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GNU Emacs: UNIX Text Editing and Programming

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GNU Emacs: UNIX Text Editing and Programming


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  • Copyright 1992
  • Dimensions: 7-3/8" x 9-1/4"
  • Edition: 1st
  • Book
  • ISBN-10: 0-201-56345-2
  • ISBN-13: 978-0-201-56345-0

"Clarity, explanations, illustrations, command summaries; finally a useful book on Emacs!"
-Peter Salus, SUN Users Group

GNU Emacs is quickly becoming the text editor and programming environment of choice among UNIX users. This book is a succinct tutorial and comprehensive reference to standard GNU Emacs.

GNU Emac's text-editing capabilities are impressive: outline editing, spell checking, handling multiple files (buffers), indenting, text filling, sorting, passing text through shell filters, keeping backups automatically, printing buffers, etc. In addition, GNU Emacs provides the Dired facility for managing your files without leaving the Editor!

GNU Emacs' capabilities as a programming environment are unequaled by other UNIX text editors. This book discusses GNU Emacs programming modes for C, FORTRAN, LISP, and even Pascal. These modes allow you to do syntax-direct editing, compiling, comment insertion, automatic program indentation, multiple-file search-and-replace operations (with tag files), and source documenting (with ChangeLog files).

If you are new to GNU Emacs, you will find the step-by-step tutorials invaluable. You will also appreciate the gentle introduction to basic capabilities, leading you gradually toward more advanced usage.

If you are an experienced GNU Emacs user, the command summaries allow you to quickly access needed reference information, and you will pick up some tricks and new ideas from the sections and chapters on advanced usage.

If you are a vi user who wants to switch to GNU Emacs, but you don't want to struggle with the associated learning curve, you will appreciate the comprehensive appendix that maps vi commands to their GNU Emacs counterparts. It shows you how to do all you favorite vi commands in GNU Emacs!


Sample Content

Table of Contents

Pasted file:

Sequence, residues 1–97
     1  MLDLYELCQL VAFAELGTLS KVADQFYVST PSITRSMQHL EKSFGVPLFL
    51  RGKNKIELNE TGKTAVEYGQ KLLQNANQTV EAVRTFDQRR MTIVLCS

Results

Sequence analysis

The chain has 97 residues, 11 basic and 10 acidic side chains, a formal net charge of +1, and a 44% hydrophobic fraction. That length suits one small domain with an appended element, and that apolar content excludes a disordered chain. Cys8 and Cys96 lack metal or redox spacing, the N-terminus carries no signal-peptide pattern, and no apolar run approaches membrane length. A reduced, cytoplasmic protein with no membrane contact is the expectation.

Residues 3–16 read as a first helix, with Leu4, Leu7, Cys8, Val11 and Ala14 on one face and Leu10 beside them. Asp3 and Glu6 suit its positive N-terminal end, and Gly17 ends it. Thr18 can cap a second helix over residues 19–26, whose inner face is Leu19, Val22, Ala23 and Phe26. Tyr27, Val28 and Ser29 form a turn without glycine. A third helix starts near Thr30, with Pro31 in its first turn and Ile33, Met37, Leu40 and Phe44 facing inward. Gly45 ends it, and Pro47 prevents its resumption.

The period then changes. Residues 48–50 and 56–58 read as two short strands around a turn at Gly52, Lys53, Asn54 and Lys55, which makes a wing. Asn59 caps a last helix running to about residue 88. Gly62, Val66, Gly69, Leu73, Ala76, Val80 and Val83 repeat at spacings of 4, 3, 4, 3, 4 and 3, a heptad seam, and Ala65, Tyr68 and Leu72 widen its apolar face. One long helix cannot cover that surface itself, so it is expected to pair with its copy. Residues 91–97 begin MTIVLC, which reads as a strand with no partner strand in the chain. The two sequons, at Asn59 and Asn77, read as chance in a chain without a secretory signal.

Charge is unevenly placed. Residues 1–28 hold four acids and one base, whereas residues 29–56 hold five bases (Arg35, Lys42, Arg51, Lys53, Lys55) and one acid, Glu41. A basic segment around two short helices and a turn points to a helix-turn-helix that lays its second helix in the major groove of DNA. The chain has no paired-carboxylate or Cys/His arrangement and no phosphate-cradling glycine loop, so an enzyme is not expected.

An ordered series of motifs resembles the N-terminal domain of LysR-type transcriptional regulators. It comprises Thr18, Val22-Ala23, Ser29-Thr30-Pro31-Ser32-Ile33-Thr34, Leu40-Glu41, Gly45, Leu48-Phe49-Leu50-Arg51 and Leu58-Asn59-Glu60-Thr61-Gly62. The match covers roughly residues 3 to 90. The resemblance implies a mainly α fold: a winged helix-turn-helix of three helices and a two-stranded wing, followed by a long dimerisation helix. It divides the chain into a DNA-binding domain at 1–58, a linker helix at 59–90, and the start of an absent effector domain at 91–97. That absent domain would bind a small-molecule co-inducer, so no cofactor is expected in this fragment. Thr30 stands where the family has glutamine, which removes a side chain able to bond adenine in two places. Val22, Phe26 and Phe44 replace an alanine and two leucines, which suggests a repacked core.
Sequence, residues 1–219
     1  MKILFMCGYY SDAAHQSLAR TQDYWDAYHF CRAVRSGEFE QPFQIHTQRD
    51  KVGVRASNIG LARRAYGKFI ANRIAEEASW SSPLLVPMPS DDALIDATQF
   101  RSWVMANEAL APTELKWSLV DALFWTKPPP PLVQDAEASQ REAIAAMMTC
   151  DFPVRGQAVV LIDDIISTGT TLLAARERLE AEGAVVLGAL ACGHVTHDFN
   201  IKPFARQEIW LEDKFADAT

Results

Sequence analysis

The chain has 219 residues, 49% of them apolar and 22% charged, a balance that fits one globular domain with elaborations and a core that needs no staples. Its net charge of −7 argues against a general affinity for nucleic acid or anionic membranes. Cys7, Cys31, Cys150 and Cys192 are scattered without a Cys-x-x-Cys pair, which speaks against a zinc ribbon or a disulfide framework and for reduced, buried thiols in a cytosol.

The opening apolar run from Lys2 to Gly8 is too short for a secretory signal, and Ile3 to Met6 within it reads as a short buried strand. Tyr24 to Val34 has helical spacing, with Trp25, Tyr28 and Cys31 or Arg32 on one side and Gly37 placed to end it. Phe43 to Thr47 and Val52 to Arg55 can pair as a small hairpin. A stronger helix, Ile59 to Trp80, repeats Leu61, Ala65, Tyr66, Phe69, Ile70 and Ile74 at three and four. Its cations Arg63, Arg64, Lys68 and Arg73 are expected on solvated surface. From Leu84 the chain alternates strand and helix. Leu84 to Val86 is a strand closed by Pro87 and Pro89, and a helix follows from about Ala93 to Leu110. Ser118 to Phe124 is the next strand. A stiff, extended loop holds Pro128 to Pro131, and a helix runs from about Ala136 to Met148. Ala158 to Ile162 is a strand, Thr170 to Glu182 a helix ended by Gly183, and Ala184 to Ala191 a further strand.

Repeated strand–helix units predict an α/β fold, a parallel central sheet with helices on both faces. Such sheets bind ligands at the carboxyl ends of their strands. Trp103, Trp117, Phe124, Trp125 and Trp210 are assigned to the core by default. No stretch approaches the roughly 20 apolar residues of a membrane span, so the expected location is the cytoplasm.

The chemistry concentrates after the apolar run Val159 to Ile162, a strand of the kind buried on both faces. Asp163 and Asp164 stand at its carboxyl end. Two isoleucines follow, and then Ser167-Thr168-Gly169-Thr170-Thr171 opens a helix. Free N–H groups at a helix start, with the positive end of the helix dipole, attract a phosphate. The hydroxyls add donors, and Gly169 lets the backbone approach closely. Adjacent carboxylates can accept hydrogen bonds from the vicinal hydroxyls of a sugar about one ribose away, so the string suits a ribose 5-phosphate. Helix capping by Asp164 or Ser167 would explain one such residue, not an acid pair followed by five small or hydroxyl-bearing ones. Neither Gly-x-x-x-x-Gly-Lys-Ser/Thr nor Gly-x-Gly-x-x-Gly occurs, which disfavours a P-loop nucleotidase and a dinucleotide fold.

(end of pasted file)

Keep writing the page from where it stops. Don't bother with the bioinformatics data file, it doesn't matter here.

(All chapters conclude with a Summary.)



1. A Quick Tour of Emacs.

Starting Emacs.

Exiting Emacs.

Understanding the Emacs Screen.

Tying Text.

Typing Commands.

Using a Basic Set of Editing Commands.

Getting Online Help.

Using Emacs to Process Electronic Mail.

Using Emacs to Manage Files.

Changing Emacs’ Behavior with Variables.

2. Basic Editing Commands.

Visiting a File.

Saving a Buffer.

Listing Buffers.

Switching to a Different Buffer.

Killing A Buffer.

Setting the Mode for a Buffer.

Moving the Cursor.

Using Line Numbers.

Deleting Text.

Undoing Mistakes.

Using Regions.

Searching for Text.

Searching and Replacing Text.

Overwriting Text.

3. More Efficient Editing.

Running a Command Multiple Times.

Modifying Command Behavior with Arguments.

Inserting Control Characters into a Buffer.

Working with Words, Sentences, and Paragraphs.

Working with Pages.

Working with Blank Lines.

Getting Cursor, Line, and Page Information.

Transposing Text.

Filling Text.

Indenting Text.

Changing Letter Case.

Searching and Replacing Text.

Narrowing a Buffer.

Moving the Cursor to Previous Marks (the Mark Ring).

Using the Kill Ring.

Completing Long Command Names.

Completing File Names.

Using Abbreviations (Text Expansions).

Using Macros for Repeated Editing Tasks.

Scrolling Windows.

Wording with Multiple Windows.

Printing a Buffer.

Listing a Directory.

4. Advanced Editing.

Changing Emacs’ Behavior with Commands.

Changing Emacs’ Behavior with Command-Line Arguments.

Searching for Regular Expressions (Regexps).

Searching and Replacing Regexps.

Editing Outlines.

Manipulating Buffers.

Advanced File Operations.

Managing Auto-Saving.

Managing Emacs Backup Files.

Reverting a Buffer to Its Original Contents.

Preventing Simultaneous Editing.

Advanced Window Operations.

Editing Your Responses in the Minibuffer.

Sorting Test.

Using Rectangles.

Using Registers.


5. Program Development in Emacs.

Supported Editing Modes.

Using Fundamental and Text Mode Commands in Programming Modes.

Moving by Function.

Marking Functions.

Indenting Programs Commenting Programs.

Matching Parentheses, Braces, and Brackets.

Forcing Balanced Parentheses.

Selectively Displaying Program Lines.

Getting Documentation on System Commands and Routines.

Editing Across Multiple Files with Tag Tables.

Keeping Track of Changes to source with a ChangeLog.

Compiling Programs.

Sexp Commands (Advanced Usage).

6. Editing in C Mode.

Invoking C Mode.

Assumptions About C Source.

Moving Among Functions.

Marking Functions.

Indenting Programs.

Commenting Programs.

Working with Sexps and Lists (Advanced Usage).

Customizing Indentation (Advanced Usage).

Customizing Commenting (Advanced Usage).

7. Editing in FORTRAN Mode.

Invoking FORTRAN Mode.

Assumptions About FORTRAN Source.

Moving Among Subprograms and Statements.

Marking Subprograms.

Indenting Programs.

Labeling Lines.

Commenting Programs.

Using FORTRAN Keyword Abbreviations.

Working with Sexps and Lists (Advanced Usage).

What Are Sexps and Lists in FORTRAN Mode?

Customizing Indentation (Advanced Usage).

Customizing Commenting (Advanced Usage).

8. Editing in Lisp Modes.

Lisp Major Modes.

Assumptions About Lisp Source.

Moving Among Defuns.